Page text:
Some law students know from the start that they want to get into environmental law or become a criminal defense lawyer. However, many people undertake the degree because they don’t yet know what they want to do. What they do know is that a law degree is an excellent foundation for numerous exciting, stimulating, and potentially lucrative career paths. If you count yourself among the latter group, and you’re starting to crave more direction regarding your future, the following ideas might just offer the inspiration you crave:
If you’re a creative soul, and you just can’t see yourself trawling through case law and endless piles of paperwork for the majority of your career, then you may wish to apply the skills and knowledge you’ve learned during your degree to writing. You could make a name for yourself as a crime fiction writer or perhaps branch out into non-fiction. Either way, with your extensive legal knowledge, you’ll be able to hit each plot point with perfect accuracy. Look no further than John Grisham to see where this path could lead.
This is another great option for creative types. Law students make fantastic journalists, not just because of their comprehensive understanding of the legal system, but also because of the attention to detail, healthy skepticism, and writing skills they develop throughout the degree. With this career path, you could focus on writing, or if you have a love for public speaking, you could work towards breaking into radio or television.
Though it’s easy to be cynical about the ethics of lobbying, there truly is a lot of good that can be done. If you’re passionate about certain causes and dream of being able to have a positive impact on the world, a career as a lobbyist may be for you. Lobbyists use their extensive legal knowledge and persuasive power to influence politicians, the media, and the general public to win support for the causes they represent.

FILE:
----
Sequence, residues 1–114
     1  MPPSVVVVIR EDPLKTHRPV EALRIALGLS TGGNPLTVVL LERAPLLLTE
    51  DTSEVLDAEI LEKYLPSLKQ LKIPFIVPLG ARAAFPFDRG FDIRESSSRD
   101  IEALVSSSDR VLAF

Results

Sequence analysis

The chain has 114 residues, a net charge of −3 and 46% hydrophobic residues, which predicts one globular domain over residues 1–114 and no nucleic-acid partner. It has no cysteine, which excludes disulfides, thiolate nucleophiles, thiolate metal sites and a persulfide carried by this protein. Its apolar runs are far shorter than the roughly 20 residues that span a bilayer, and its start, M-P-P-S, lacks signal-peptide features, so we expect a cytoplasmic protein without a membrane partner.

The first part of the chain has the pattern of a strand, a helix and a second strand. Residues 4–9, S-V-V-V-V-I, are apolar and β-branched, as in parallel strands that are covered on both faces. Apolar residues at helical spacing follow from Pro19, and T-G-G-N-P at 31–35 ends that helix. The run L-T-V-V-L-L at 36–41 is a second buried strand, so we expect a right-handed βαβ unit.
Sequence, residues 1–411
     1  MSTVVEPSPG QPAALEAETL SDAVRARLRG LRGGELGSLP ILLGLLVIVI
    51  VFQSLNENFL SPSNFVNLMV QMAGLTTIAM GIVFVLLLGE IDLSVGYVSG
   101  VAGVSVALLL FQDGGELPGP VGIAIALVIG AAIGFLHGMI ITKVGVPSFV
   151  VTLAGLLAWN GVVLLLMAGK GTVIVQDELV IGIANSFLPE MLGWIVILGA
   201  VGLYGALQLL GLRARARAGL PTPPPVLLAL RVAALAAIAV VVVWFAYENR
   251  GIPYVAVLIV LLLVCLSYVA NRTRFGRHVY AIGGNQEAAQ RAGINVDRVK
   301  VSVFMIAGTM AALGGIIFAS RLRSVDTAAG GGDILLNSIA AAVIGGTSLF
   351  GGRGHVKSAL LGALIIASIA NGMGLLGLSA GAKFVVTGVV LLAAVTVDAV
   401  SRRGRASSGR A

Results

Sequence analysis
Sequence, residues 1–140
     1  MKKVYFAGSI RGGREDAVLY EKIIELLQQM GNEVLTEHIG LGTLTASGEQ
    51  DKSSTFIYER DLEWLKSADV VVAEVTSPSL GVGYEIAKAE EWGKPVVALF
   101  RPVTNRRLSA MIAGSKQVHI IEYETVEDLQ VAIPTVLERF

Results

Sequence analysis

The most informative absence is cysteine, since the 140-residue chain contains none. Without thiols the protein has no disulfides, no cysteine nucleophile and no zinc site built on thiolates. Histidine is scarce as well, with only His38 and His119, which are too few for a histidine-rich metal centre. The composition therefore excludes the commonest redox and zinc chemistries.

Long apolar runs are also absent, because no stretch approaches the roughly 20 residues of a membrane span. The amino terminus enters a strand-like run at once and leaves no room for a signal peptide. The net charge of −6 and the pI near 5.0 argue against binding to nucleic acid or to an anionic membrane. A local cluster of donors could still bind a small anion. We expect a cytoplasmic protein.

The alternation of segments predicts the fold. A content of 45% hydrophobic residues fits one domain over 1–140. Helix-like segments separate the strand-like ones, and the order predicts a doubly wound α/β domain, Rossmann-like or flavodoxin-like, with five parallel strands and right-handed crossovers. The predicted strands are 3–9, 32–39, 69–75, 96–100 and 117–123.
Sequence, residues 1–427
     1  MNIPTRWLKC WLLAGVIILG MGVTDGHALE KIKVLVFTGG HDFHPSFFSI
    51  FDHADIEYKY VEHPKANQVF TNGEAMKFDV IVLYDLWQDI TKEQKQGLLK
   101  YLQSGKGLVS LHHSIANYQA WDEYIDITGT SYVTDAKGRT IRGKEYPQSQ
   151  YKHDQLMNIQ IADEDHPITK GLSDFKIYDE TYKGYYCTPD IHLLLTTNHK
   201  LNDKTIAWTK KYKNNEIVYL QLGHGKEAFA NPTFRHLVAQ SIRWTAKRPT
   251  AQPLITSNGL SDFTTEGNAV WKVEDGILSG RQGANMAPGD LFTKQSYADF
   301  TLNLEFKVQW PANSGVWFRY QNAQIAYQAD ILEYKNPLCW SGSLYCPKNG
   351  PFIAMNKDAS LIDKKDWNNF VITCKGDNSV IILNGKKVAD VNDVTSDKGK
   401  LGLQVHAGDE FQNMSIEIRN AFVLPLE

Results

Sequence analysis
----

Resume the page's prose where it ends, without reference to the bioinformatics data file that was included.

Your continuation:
This is another career opportunity that could see you doing some good in the world. Though you likely won’t be paid as well as your compatriots who head into criminal law, there’s a lot to be said for the personal satisfaction gained for dedicating yourself to a worthy cause. To make a living as an activist, your best bet is to seek employment with larger non-profit organizations such as Amnesty International, Greenpeace, and Friends of the Earth.
5. Judge’s associate
If you love burying your head in research but aren’t really interested in the theatrics of the courtroom, a position as a judge’s associate may be ideal for you. Basically, you get paid handsomely to hone your legal research skills. Indeed, many judge’s associates earn the same amount, or in some cases more, than their classmates who go straight into law firms.
According to the Congressional Research Service, 95% of members had an academic degree (as of 2018), and of those, 168 representatives and 57 senators possessed law degrees. The argumentation and advocacy skills you learn during your degree stand you in good stead to become a politician. Focus your class choices on the political system and other relevant subjects, and you could be well-placed to step into politics, either after you graduate or down the line.
It’s perfectly fine to enter your law degree without much of a clue as to what you want to do when you graduate. However, as you progress through the semesters of study, it’s important to develop an idea of the career trajectory you’d like to take. Use the ideas above as inspiration, but don’t stop searching until you find an idea that lights you up with motivation.